Factors Associated with Better or Worse Sexual Well-Being After Breast Cancer

Factors Associated with Better or Worse Sexual Well-Being After Breast Cancer

Breast cancer is the most common type of cancer among women. However, advancements in treatments have improved the survival rate and increased the average life expectancy of women with breast cancer. As such, it is more important than ever to strive to improve the sexual well-being and overall quality of life of women after a breast cancer diagnosis.

This type of cancer can have a particularly negative impact on a woman’s sexual health because its treatments (i.e., endocrine (hormone) therapy and chemotherapy) can lead to reduced lubrication, decreased sexual desire, and vaginal pain. What’s more, changes in and/or the removal of the breasts may impact breast cancer survivors psychologically, potentially causing decreased self-esteem or negative changes in one’s body image.

While past studies have focused on the sexual function (or dysfunction) of women after breast cancer and its treatment, few have explored the sexual well-being of these individuals. This distinction is important because the World Health Organization (WHO) defines sexual well-being as “a state of physical, emotional, mental, and social well-being in relation to sexuality, not merely the absence of diseases, dysfunction, or infirmity.”

Therefore, a recent study aimed to identify factors that may have a positive or negative influence on a woman’s sexual well-being after breast cancer. To do this, the researchers developed an online questionnaire to measure breast cancer survivors’ sexual well-being at the time of their diagnosis and again one year later.

The questionnaire also asked about the participants’ age, body mass index (BMI), menopausal status, type of surgery (breast conserving, mastectomy, or reconstruction), change in psychological well-being, family status, experience with endocrine therapy, and whether or not they had neoadjuvant (before surgery) or adjuvant (after surgery) chemotherapy.

A total of 204 patients who had been treated for breast cancer at the Academic Breast Cancer Center, Erasmus University Medical Center in Rotterdam between October 2015 and March 2022 completed the questionnaire at both timepoints. The average age of these participants was 51.7 years, and their average sexual well-being score at baseline was 64.3 (on a scale from 0 to 100 with higher scores indicating better sexual well-being).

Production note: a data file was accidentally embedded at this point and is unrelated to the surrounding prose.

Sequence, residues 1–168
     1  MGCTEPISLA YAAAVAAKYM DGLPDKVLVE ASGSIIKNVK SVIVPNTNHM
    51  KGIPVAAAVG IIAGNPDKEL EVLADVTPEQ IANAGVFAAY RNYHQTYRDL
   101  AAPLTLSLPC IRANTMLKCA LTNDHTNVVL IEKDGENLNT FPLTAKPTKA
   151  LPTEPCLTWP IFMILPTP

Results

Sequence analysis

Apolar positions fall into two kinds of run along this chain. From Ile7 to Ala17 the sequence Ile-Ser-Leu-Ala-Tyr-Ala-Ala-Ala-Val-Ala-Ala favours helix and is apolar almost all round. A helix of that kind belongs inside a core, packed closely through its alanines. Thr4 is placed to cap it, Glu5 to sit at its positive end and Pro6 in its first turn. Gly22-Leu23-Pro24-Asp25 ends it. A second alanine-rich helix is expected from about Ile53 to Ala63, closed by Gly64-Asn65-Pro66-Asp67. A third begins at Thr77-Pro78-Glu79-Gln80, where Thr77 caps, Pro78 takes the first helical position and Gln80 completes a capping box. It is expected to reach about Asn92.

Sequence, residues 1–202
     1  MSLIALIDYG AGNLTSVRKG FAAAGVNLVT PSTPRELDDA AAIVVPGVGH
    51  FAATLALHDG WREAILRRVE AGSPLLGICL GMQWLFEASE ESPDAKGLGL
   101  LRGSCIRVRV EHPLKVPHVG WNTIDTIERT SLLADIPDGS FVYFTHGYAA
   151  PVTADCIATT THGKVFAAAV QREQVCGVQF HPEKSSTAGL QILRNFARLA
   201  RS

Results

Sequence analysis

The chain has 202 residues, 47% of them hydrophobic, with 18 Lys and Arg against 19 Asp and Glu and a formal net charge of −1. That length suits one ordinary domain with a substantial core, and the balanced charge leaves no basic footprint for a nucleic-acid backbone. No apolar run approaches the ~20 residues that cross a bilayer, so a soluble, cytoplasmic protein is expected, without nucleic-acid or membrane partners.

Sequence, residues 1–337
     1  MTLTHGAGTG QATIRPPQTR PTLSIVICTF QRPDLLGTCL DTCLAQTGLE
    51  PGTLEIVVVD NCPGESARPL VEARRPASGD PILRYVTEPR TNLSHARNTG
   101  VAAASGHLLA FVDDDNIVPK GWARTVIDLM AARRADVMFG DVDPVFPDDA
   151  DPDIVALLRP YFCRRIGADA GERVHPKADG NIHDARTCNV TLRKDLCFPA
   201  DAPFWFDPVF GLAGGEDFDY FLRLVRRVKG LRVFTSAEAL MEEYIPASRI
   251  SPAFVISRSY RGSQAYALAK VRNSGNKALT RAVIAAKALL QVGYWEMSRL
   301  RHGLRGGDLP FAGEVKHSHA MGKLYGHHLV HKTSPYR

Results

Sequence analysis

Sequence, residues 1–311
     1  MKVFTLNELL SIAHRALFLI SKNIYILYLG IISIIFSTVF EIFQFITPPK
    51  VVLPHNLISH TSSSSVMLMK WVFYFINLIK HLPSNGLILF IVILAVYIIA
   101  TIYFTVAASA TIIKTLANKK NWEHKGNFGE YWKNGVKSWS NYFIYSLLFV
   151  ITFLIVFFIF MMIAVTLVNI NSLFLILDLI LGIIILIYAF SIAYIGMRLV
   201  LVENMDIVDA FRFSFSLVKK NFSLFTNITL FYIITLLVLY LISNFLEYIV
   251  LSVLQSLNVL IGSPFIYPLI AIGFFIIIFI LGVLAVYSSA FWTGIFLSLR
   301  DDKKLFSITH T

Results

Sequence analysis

The researchers found that a few factors were related to changes in the women’s sexual well-being one year after diagnosis. First, having a BMI > 30 at the start of the study had a significant negative impact on a woman’s change in sexual well-being. On the other hand, change in psychological well-being had a positive effect on change in sexual well-being. Lastly, breast reconstruction and mastectomy (the removal of the breast or breasts) had a significantly more positive effect on a woman’s sexual well-being than lumpectomy (a surgery in which just the tumor and a small amount of the surrounding area are removed).

Menopausal status and whether or not the women had endocrine therapy did not appear to influence their sexual well-being a year later. Nevertheless, the results of this study indicate that there is room to improve the sexual well-being of women after a breast cancer diagnosis, and more support and resources from health care providers and mental health professionals may be beneficial.

For more information on this topic, please read these publications from the ISSM Journals: The Journal of Sexual Medicine, Sexual Medicine Reviews, and Sexual Medicine Open Access:

Sexual well-being in patients with early-stage breast cancer at 1- and 2-year follow-up

Sexual dysfunctions in breast cancer patients: evidence in context

Low Sexual Desire in Breast Cancer Survivors and Patients: A Review

Preparing for Survivorship: Quality of Life in Breast Cancer Survivors



Huberts, A.S., Clarijs, M.E., Pastoor, H., van Rosmalen, M., & Koppert, L.B. (2023). Sexual well-being in patients with early-stage breast cancer at 1-and 2-year follow-up. The Journal of Sexual Medicine20(4), 507-514. https://doi.org/10.1093/jsxmed/qdad007